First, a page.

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I’ve been getting on a soapbox lately about non-traditional performance spaces. Maybe I’m just a sucker for a gimmick, but it seems to me that art is more enjoyable when the line between performance and life is a little blurry. You know, like you’re walking down the street and there are a couple of fantastic musicians unceremoniously playing on the corner—who somehow sound a lot better than they would in a hallowed music hall.
So I think that’s what makes this Saturday evening’s Fly by Night show seem so exciting. Maybe the space doesn’t quite qualify as nontraditional—it’s a dance studio, after all—but it’s definitely going to be an informal performance with barely any barrier between audience and dancers.
A little background: Paige Starling Sorvillo, a Bay area-based dancer who’s trained in Butoh and performance art is visiting the area; in response, folks from the Dance Exchange have put on an intimate show featuring a performance (live and on film) by Sorvillo, as well as by a number of talented local dancers. Expect pieces by Stephanie Miracle (a newbie who recently arrived from New York and comes with a great reputation), Sarah-Anne Austin, Kelly Bond, Sharon Mansur, and Baltimore’s Lauren Withhart.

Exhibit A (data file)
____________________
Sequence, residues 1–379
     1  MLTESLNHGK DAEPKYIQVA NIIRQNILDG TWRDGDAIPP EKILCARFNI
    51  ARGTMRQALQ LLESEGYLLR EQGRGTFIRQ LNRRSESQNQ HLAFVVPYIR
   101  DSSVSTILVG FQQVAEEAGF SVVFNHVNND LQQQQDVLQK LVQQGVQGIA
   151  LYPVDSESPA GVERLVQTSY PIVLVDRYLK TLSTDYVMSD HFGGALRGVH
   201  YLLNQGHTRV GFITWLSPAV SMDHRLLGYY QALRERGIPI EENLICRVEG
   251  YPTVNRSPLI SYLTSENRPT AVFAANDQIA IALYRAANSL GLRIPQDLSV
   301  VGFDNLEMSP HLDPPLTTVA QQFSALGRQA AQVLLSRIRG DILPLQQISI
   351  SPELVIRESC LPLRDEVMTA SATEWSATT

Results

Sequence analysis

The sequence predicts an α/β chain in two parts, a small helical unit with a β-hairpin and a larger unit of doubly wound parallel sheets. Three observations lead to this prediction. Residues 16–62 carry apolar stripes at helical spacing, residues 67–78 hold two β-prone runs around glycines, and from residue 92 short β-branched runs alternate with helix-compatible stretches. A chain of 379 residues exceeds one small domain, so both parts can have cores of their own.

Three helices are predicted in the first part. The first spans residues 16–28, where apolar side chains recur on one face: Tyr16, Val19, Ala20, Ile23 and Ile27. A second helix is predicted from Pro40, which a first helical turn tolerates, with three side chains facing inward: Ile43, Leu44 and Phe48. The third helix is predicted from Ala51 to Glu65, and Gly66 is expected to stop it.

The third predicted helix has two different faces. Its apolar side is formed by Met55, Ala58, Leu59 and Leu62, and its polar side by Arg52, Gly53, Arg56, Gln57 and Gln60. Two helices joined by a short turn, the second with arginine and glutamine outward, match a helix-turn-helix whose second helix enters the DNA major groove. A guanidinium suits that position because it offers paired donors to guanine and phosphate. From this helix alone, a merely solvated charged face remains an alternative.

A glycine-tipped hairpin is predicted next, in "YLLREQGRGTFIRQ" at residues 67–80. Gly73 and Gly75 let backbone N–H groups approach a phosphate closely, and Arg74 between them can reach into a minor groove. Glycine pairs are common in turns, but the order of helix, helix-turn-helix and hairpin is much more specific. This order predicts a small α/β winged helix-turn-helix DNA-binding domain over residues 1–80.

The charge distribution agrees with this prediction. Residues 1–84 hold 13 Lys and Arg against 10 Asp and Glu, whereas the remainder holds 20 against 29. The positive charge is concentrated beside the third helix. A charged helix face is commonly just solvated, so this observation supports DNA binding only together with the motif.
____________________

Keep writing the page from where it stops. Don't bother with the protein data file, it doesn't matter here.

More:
“The work will be shown in our studio, so you’ll have to take off your shoes and the only lighting will be fluorescent lights either on or off, but I still think it’s going to be really fantastic,” wrote Dance Exchange projects manager Ellen Chenoweth—who pulled the event together—in an e-mail. The show is at 7 p.m. on Saturday night at the Dance Exchange in Takoma Park. $5.
Amanda Abrams is a local modern dancer and a member of the company Human Landscape Dance.
Photo of Paige Starling Sorvillo by Ian Winters